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Low enrollment spurs Greek budget cuts

The decrease in enrollment this year has led to more budget cuts, this time cutting the Greek Council budget by 10 percent across the board.

Greek Affairs and Residence Life is an auxiliary that provides funding for the four student governing councils on campus, which is generated based on the number of people living in residence halls, apartments and Greek houses.

Since the number of beds being filled at the University has gone down, the amount of funding has as well, said Ronald Binder, associate director of residence life and director of Greek Affairs.

This year, Greek Affairs allocated $16,200 to be divided between the four councils, compared to $18,000 for the 2006-2007 academic year.

Ben Forche, president of the Inter-Fraternity Council, was informed before this semester that his council was facing a budget cut, but he didn’t know by how much.

“Our budget cut wasn’t that bad,” he said.

The IFC’s budget was cut $500 out of the total $1,800 but half of the budget comes from residence life, or rollover from that, and the other half comes from the dues paid by the 16 social fraternities in the council.

Forche said he didn’t know exactly why their budget was cut, but guessed it was because of the enrollment being down, since he heard there’s a whole wing in Kreischer that’s empty.

Forche said the IFC needs money to find new and innovative ways to promote scholarship, cater to their chapters, improve their public image and coordinate special events, such as Sibs and Kids Weekend or the Welcome Bash that’s at the recreational center at the beginning of the school year.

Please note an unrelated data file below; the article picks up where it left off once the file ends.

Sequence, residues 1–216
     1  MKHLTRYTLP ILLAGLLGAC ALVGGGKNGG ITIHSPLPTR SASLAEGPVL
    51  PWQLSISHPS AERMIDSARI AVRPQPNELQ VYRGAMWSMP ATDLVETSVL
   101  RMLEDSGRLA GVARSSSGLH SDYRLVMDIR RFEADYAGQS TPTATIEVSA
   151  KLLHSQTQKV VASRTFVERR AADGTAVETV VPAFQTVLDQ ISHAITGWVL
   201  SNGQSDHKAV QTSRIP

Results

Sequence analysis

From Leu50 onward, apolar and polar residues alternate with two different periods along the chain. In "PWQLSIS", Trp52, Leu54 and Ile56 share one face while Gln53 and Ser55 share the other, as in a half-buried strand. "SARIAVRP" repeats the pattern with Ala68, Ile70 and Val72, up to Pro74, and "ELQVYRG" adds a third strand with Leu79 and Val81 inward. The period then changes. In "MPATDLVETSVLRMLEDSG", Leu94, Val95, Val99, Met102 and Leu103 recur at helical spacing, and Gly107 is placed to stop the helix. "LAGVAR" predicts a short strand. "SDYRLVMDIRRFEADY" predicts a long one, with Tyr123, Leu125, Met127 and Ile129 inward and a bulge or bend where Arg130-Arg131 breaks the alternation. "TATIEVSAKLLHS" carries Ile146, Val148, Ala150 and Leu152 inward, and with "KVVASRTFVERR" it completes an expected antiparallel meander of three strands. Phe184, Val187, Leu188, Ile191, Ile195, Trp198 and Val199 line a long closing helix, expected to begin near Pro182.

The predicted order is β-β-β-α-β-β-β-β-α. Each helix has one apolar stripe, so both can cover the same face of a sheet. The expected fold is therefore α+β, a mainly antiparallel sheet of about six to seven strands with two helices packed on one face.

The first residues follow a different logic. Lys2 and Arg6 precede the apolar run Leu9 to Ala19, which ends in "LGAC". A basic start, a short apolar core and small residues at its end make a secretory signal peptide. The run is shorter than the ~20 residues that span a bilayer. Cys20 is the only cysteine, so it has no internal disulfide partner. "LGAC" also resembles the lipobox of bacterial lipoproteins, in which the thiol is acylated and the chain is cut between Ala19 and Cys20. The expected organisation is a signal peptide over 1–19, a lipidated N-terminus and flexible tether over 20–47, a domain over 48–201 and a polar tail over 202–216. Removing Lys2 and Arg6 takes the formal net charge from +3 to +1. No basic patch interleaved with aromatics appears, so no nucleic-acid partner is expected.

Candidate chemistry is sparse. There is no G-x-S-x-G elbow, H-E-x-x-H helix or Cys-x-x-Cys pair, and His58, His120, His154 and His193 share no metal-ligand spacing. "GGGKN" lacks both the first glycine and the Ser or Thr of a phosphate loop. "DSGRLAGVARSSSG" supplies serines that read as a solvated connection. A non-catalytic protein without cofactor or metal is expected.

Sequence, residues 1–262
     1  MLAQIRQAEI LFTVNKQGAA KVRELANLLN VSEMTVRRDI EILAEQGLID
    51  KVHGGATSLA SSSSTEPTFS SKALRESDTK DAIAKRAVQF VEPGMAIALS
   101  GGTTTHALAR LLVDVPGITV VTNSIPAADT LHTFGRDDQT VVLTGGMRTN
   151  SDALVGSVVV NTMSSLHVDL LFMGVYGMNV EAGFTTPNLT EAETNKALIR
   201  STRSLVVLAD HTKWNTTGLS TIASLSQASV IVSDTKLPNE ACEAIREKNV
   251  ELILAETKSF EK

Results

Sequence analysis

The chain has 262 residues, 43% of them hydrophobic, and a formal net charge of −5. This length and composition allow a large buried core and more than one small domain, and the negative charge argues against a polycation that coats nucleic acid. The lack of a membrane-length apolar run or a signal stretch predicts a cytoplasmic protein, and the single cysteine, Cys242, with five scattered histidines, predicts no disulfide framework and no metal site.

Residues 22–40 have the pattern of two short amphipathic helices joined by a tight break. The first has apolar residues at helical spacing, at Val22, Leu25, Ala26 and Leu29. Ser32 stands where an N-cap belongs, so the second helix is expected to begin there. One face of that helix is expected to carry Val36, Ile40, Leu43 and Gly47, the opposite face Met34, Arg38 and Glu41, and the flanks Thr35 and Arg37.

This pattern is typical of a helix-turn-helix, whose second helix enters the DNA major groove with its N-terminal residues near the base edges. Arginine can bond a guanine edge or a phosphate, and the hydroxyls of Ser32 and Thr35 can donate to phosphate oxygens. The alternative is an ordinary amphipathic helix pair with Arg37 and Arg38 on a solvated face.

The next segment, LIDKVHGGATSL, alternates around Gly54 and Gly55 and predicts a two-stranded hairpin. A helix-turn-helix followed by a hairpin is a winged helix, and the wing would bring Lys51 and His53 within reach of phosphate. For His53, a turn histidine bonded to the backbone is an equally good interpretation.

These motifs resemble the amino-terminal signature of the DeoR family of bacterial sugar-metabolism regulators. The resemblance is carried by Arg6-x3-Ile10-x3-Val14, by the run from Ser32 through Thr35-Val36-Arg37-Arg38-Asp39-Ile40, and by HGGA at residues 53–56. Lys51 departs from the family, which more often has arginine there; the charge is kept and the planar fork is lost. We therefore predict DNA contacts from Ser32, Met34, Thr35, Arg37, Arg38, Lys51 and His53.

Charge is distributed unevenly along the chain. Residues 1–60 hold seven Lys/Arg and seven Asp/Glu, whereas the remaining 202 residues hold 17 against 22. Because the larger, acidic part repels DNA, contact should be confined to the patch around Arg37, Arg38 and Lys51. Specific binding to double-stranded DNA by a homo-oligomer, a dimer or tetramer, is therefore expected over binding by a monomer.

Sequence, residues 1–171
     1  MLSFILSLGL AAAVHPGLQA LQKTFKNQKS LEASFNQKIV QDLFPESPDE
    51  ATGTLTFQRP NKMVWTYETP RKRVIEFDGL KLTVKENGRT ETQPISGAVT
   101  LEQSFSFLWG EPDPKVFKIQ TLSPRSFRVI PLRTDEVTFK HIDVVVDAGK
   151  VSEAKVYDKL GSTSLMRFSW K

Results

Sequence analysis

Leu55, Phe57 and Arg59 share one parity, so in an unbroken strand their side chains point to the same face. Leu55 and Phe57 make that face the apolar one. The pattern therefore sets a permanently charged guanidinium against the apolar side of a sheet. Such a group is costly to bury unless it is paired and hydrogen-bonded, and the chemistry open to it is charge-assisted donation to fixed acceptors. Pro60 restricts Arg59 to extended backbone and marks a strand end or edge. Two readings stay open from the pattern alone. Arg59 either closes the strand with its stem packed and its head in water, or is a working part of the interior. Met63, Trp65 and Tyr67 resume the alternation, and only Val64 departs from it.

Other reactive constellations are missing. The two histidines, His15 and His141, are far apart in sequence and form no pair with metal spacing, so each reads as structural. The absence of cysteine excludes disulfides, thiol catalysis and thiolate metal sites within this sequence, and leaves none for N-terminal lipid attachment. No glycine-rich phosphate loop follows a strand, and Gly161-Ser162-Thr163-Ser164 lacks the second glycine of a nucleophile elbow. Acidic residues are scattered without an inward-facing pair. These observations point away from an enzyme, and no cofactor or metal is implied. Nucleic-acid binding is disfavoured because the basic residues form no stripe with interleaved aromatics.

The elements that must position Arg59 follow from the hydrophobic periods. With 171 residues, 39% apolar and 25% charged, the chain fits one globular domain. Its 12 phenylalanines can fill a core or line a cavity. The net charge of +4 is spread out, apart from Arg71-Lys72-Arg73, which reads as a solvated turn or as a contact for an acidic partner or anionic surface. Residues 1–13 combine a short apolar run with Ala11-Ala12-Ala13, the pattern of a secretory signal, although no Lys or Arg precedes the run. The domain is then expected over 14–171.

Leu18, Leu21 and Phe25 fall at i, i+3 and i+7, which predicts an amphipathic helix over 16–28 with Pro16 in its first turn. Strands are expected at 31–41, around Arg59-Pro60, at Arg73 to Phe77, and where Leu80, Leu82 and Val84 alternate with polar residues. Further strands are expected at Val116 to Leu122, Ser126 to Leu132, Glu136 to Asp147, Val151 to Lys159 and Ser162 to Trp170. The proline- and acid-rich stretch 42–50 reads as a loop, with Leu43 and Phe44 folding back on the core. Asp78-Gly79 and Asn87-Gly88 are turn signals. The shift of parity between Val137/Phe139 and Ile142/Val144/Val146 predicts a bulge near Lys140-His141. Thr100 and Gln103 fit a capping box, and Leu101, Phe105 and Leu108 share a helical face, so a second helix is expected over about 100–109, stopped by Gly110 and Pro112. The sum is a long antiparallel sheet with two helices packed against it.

President of the Greek Independent Board, Aysen Ulupinar, said people asked why the budget was cut, but Binder was very knowledgeable about the topic and explained the reasons well.

Ulupinar said the $300 cut hasn’t affected their council’s major focuses, which are emphasizing multiculturalism and service through activities like Toys for Tots, but GIB did have to take money from its retreat fund for the second semester.

We got to keep academic and chapter incentives, which are the areas that are important to us, Ulupinar said.

“It could’ve been worse,” she said.

Over the past five years Binder has been at the University, Greek Affairs has allocated about the same amount of money to each of the four councils, even though it is supposed to be based on the size of each council, ability of the councils to raise their own resources, needs and history.

Binder said a task force made up of representatives from Greek, RSA, hall councils and members of residence life is being formed to examine future funding of these groups.

The task force will hold several meetings to generate new ways of allocating funds and will recommend them to the director of residence life.

Binder said the task force will be meeting in a week or two and they’re excited because prior to now, funding has been distributed based on historical knowledge and not on the current need or merit of the organization.

He said the four presidents of the Greek councils were disappointed when they heard about the budget cuts, but they understood that less money comes from residence life when the number of students is down.

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